When it comes to preparing for crises, political science is failing us

guest column

Last week Duke, suspended all on-campus classes as students transitioned to remote instruction. This notice came after seven COVID-19 cases had been confirmed in North Carolina. With my Duke career coming to an end, I want to reflect on my experience studying political science at Duke. The grand strategy talks to which we devote so much attention in our political science curriculum only fall apart in the face of a global crisis—which must be solved by collaborative effort from countries around the world, for the wellbeing of ordinary people. 

I grew up in a medical family in the Research Triangle Park. Before coming to college, I planned to pursue a career in medicine, largely because of my family’s influence. I knew I would enroll in a life science major, but I would never have imagined that one day, I would step into political science.

During my first year at Duke, I met a few Chinese international students who love to talk about Sino-U.S. relations and Chinese politics. As a Chinese-American who grew up in China before immigrating to the U.S. at age 10, I naturally gravitate toward their conversations. 

Under their influence, I attended several international relations and national security talks hosted by organizations like Duke Program in American Grand Strategy and Duke East Asia Nexus, a student group that I’ve been extremely lucky to be a part of. 

In my junior year, I took my first Duke IR class called Nuclear Weapons and learned about first strike, second-strike capability, nuclear deterrence, and so on. We would discuss whether the U.S. should strike first, should a nuclear war with either Russia or China become inevitable. 

Then, I took International Law, another class in the Duke IR series. Again, our discussion went, “if China nukes the U.S.,” and “if the U.S. nukes China.”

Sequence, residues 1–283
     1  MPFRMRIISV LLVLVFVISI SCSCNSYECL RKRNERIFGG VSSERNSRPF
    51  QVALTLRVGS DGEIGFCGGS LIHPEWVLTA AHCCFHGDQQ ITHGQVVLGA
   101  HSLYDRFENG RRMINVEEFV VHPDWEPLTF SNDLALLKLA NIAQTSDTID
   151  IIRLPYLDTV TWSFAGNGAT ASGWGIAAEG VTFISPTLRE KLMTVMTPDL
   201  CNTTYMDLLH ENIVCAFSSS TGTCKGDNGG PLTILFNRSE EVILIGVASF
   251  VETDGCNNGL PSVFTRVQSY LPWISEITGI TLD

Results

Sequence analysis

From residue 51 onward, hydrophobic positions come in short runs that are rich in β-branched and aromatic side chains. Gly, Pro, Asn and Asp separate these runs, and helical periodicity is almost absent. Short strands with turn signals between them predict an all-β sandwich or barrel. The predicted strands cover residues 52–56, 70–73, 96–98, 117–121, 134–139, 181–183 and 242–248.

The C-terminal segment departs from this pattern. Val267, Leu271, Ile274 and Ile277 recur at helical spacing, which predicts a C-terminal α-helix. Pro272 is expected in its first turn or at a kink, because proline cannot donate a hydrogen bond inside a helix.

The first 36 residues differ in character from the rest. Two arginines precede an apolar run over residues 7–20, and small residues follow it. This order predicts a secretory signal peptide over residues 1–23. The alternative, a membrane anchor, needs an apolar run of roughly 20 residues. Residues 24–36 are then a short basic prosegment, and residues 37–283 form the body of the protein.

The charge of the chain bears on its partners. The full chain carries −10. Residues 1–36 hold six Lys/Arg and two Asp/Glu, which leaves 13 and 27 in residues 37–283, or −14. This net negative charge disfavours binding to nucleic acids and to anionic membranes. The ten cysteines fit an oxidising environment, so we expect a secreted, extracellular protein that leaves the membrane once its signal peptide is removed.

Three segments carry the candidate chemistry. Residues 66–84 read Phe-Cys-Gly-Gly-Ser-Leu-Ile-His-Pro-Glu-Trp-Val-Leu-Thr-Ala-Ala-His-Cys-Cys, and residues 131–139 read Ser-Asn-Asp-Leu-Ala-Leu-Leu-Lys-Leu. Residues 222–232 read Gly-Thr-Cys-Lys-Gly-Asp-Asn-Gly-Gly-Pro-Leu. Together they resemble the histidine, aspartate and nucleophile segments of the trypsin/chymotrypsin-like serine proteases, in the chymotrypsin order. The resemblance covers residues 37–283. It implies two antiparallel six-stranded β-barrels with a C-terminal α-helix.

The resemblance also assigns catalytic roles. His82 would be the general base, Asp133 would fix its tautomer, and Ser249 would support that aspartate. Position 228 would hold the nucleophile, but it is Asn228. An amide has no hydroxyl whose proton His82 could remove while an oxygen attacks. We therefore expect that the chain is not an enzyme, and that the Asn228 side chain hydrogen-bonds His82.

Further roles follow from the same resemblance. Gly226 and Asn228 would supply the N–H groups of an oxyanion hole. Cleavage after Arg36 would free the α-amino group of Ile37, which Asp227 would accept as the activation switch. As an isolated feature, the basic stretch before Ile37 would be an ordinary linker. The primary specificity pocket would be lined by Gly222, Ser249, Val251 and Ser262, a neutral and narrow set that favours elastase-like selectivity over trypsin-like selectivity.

Indeed, the U.S.-China rivalry is not going to end anytime soon. In all grand strategy talks I have been to, China, a rising power, is interpreted as the U.S.’s greatest enemy—the most commanding threat to American dominance. It is the second largest economy in the world and it has been building islands in the South China Sea.

In these hypothetical classroom thought experiments about international conflict and warfare, we should recognize that if the U.S. had indeed nuked China or if China had indeed nuked the U.S., it’s the ordinary people who would suffer the most.

When I visited China in the summer of 2018, I met migrant Chinese workers taking up long-hour, low-paying jobs. I saw kids living in cramped, wet, dirty and near-collapse residence buildings in the Hubei Province. The same conditions exist in the U.S. While shadowing in a hospital, I’ve met HIV-positive patients who have to deal not only with the medical implications of their status but also the social stigma ascribed to it. 

Perhaps to these people, what matters the most is not the U.S.-China rivalry, but simply to have a job, to make enough money, and to live a good life. Those people would never become a part of the grand strategy we talk about, either for China or for the U.S.

When we look at the ongoing coronavirus pandemic, we recognize that it is hardly a China thing or a U.S. thing. More than 200,000 people have been infected globally, and only collective effort by countries from around the world to contain the outbreak would benefit mankind, regardless of nationality. Labeling it as the “Chinese virus” would save neither ordinary Americans’ lives nor the U.S. economy. It would only instigate unnecessary ignorance, racism and hatred.

I minored in political science, and it’s a subject I’ve been heavily involved with, but all those political science classes and grand strategy talks hardly take into consideration the lives of ordinary people. There are always those living in corners of this world who can’t access an education and live a good life, and they exist in both China and the U.S. 

While we have put so much of our attention on policymakers and politicians in Washington and Beijing and so much emphasis on not losing to China either technologically or economically as we draft our domestic and foreign policies, we should also look at how those policies would impact the lives of ordinary people in both countries. Unless you tell me political science is not about bettering peoples’ lives.  

Perhaps health policy, not political science, would be a better minor. 

Yifei Wang is a Trinity senior. 


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